Tuesday, 1 March 2011

Effects of Caffeine On Diabetics

Most of us need caffeine, be it tea or coffee, to jump start our battery in the morning. Hubby is no exception. In fact, he takes caffeine throughout the day, most of it in the form of coffee. Ever since he discovered that he is diabetic last Monday, he has been taking his coffee plain: black, no sugar. 


Let me sidetrack for a moment here. When I was in Penang, I visited my uncle on my mum's side, and was shocked to see what Parkinson's Disease (PD) did to him. Coming back to KL, I read up on PD, and found that caffeine and green tea contain properties that reduces the risk of PD. Nicotine, too, ironically. But that's another story, which will be in another post. For this post, we'll concern ourselves with caffeine.


While reading up tons of material on diabetes, I stumbled upon a single sentence: "Those with diabetes type 2 should avoid caffeine." I sat up. What?? And so embarked upon a research on caffeine and diabetes.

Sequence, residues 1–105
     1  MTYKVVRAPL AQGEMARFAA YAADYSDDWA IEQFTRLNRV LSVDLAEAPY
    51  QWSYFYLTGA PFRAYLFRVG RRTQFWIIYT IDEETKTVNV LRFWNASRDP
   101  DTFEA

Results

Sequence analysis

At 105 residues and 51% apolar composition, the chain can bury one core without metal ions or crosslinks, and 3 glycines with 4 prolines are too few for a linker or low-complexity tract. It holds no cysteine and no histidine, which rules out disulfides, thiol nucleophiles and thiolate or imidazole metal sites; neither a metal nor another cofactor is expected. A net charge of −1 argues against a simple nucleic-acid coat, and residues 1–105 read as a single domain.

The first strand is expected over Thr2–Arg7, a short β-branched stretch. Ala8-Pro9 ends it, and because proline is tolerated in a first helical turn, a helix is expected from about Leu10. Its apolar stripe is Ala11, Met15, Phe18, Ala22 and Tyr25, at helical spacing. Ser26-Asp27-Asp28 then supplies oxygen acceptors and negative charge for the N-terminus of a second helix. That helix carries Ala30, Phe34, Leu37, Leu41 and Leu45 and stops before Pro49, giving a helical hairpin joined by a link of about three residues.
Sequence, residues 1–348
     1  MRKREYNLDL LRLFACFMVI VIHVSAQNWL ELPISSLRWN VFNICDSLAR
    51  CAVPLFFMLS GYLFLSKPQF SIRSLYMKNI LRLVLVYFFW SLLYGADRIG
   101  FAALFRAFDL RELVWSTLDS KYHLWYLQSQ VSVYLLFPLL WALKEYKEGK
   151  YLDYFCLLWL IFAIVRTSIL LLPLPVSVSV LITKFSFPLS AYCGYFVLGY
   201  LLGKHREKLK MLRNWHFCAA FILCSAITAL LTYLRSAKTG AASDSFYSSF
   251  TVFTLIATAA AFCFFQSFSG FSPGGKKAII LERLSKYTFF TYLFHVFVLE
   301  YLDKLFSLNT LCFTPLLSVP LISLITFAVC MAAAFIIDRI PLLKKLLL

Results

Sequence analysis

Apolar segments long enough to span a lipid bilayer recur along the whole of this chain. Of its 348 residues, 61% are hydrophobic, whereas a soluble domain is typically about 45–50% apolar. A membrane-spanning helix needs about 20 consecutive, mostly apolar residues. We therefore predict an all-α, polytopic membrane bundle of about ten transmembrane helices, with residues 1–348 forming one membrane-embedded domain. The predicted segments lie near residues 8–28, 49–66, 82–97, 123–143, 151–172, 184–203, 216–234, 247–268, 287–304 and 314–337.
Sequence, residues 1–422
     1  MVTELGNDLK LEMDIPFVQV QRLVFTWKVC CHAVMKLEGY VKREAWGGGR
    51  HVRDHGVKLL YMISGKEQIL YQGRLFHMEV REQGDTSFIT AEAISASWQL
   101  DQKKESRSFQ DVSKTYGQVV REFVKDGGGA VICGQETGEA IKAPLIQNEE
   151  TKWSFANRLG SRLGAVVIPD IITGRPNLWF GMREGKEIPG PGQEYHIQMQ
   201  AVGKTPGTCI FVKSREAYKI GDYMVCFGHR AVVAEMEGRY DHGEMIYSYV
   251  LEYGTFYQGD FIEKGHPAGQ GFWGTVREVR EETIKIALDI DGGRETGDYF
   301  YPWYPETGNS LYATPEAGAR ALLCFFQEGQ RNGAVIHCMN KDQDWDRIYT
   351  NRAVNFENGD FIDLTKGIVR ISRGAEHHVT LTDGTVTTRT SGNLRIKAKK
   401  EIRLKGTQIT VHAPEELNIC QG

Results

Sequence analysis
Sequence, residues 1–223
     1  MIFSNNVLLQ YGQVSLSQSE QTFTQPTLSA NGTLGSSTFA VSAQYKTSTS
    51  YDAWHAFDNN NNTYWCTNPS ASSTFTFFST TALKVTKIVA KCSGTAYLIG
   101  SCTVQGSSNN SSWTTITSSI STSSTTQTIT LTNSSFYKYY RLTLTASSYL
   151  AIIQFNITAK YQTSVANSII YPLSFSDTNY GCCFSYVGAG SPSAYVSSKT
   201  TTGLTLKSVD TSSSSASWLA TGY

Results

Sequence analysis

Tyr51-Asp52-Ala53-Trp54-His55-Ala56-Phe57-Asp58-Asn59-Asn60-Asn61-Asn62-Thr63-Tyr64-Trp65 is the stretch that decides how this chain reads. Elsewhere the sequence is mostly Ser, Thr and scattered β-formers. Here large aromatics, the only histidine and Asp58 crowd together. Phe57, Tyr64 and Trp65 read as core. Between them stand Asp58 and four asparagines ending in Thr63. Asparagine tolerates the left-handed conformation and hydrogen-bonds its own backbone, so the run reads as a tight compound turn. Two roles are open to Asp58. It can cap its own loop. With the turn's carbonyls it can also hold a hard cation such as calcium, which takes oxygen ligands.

After having sifted through tons of material, I'm conflicted. There are reports that caffeine and green tea are health food, and reduces diabetes risk. It is claimed that the quinines found in caffeine increases the sensitivity to insulin, hence less insulin is needed to regulate the glucose in the blood (see http://tiny.cc/xdcv2 and http://tiny.cc/ma2aa and http://tiny.cc/ocnl9). Diabetes Type 2 is caused by decreased sensitivity to insulin, and the pancreas has to produce more insulin, which will one day wear itself out and fail. That is why hubby was prescribed medication to increase his sensitivity to insulin.


But there are lots more reports that contradict those findings. There were studies that showed that when Diabetic Type 2 patients were given caffeine, their blood glucose level spiked 8% (see http://tiny.cc/8kvbz and http://tiny.cc/s03c8 and http://tiny.cc/nnvp8). 


So, which group is right? And the samples taken are rather small, to provide an accurate result. When hubby first heard that he might have to give up coffee, too, his reaction was not unexpected: he'd rather die from diabetes than give up coffee.


If I have to venture my personal opinion, I would say on the surface, it looks like coffee should be avoided. BUT on closer look at the composition of coffee, I think (warning: I may be wrong here, so don't rely on my opinion if you have diabetes) coffee on its own has its beneficial properties. It is the caffeine in it that decreases the sensitivity to insulin. So, the solution may be to drink decaf coffee, and in moderation. (See http://tiny.cc/f9n74 for the composition of coffee)